Cyberview 26-07-02

The Guardian is offering a £1,000 prize for the best British "blog". Short for "weblog", these are diary-style sites on which authors link to other pages that they find interesting. Over the past couple of years blogs have become a self-publishing phenomenon. The Guardian prize is open to any UK blog. "Blogging has become one of the most exciting media phenomena of the past few years and any traditional media owner who wants to be part of the online world has to engage with it," says Simon Waldman, director of digital publishing at The Guardian. See http://www.guardian.co.uk/weblog. Meanwhile, why does The Guardian have to run those irritating adverts that fill part of the screen while you’re trying to read? A Saab advert currently pops up on pages and even if you try to close it, it reappears. Do users have to be bombarded with pop-ups and other adverts? A lesson for other websites.

 

If you are still thinking about getting a handheld organiser you might want to wait a little longer because prices are set to drop further as manufacturers battle it out. In the US, Sony has launched a new Clie, costing about £100. It’s due to be launched in the UK and features just about everything you could need to organise your life electronically. Other manufacturers, including Handspring and Palm, are expected to drop prices too.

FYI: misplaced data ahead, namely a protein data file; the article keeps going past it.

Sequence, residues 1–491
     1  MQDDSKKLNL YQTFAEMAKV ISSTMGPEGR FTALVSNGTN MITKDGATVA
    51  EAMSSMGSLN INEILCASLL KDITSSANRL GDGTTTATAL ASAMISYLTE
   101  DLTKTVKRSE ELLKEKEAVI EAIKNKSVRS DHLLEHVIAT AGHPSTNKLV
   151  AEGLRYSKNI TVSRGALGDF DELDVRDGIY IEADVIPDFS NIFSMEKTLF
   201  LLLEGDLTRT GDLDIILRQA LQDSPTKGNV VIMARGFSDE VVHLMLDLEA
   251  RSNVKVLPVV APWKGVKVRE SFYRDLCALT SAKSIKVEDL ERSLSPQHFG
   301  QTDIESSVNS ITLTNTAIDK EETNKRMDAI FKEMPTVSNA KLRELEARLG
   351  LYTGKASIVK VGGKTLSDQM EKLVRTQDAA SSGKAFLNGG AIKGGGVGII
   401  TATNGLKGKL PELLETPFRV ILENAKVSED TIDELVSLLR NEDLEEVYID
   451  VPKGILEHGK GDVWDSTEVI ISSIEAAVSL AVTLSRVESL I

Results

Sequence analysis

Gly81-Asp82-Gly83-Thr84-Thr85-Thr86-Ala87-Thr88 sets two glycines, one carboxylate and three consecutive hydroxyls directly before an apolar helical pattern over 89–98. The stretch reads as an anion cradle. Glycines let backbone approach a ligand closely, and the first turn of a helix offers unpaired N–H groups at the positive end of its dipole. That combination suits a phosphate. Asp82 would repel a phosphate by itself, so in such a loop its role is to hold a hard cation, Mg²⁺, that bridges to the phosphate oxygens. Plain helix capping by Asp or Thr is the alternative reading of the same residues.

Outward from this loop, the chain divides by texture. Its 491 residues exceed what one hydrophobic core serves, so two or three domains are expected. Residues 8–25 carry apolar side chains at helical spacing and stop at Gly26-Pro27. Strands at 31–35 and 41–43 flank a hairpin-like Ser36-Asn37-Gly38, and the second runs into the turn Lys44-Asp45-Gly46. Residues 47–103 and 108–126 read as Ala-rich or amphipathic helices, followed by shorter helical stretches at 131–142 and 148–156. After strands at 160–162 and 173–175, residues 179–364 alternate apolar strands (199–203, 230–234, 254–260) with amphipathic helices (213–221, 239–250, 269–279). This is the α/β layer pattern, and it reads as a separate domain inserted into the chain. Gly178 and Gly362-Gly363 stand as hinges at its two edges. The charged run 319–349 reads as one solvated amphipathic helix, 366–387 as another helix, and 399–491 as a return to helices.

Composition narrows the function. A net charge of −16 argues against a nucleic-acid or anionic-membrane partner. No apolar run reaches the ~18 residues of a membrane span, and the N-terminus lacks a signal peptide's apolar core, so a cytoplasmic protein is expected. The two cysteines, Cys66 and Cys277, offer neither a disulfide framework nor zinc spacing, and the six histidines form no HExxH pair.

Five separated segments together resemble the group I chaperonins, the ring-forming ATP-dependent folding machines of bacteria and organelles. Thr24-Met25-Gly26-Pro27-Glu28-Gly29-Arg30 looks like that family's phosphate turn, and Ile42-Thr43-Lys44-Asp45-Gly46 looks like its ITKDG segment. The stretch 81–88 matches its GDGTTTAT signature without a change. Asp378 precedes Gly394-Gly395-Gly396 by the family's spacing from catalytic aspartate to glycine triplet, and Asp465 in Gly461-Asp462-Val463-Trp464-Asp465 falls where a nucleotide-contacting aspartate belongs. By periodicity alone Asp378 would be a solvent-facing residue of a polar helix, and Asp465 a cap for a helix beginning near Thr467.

A little-known web publisher emerged as the buyer of Sports.com content, which included the MegaStar.co.uk site. Footymad (www.footymad.net) acquired the businesses after Sports.com was put up for sale. MegaStar was originally part of United Newspapers before being sold to Sports.com. The move could see Footymad becoming increasingly well known for its publishing activities and it will be interesting to see how it fares against the big operators such as Rivals.net and UKBetting.

 

Websites never really die. The defunct Excite was eventually sold in the US, excluding the UK joint venture. Now ISP Tiscali has emerged as the buyer of the excite.co.uk domain and has just sent it live again. In the US, excite.com, now operated by InfoSpace, is slick and neatly designed. It is hard to see what the UK offering will be like. The Directory is just a version of the free Open Directory, which anyone can run on their site – the licence is free. Of course it’s early days, but one would hope that excite.co.uk might be more than just a run-of-the-mill site – maybe they should follow the path of excite.com, which is shaping up well.

Leslie Bunder

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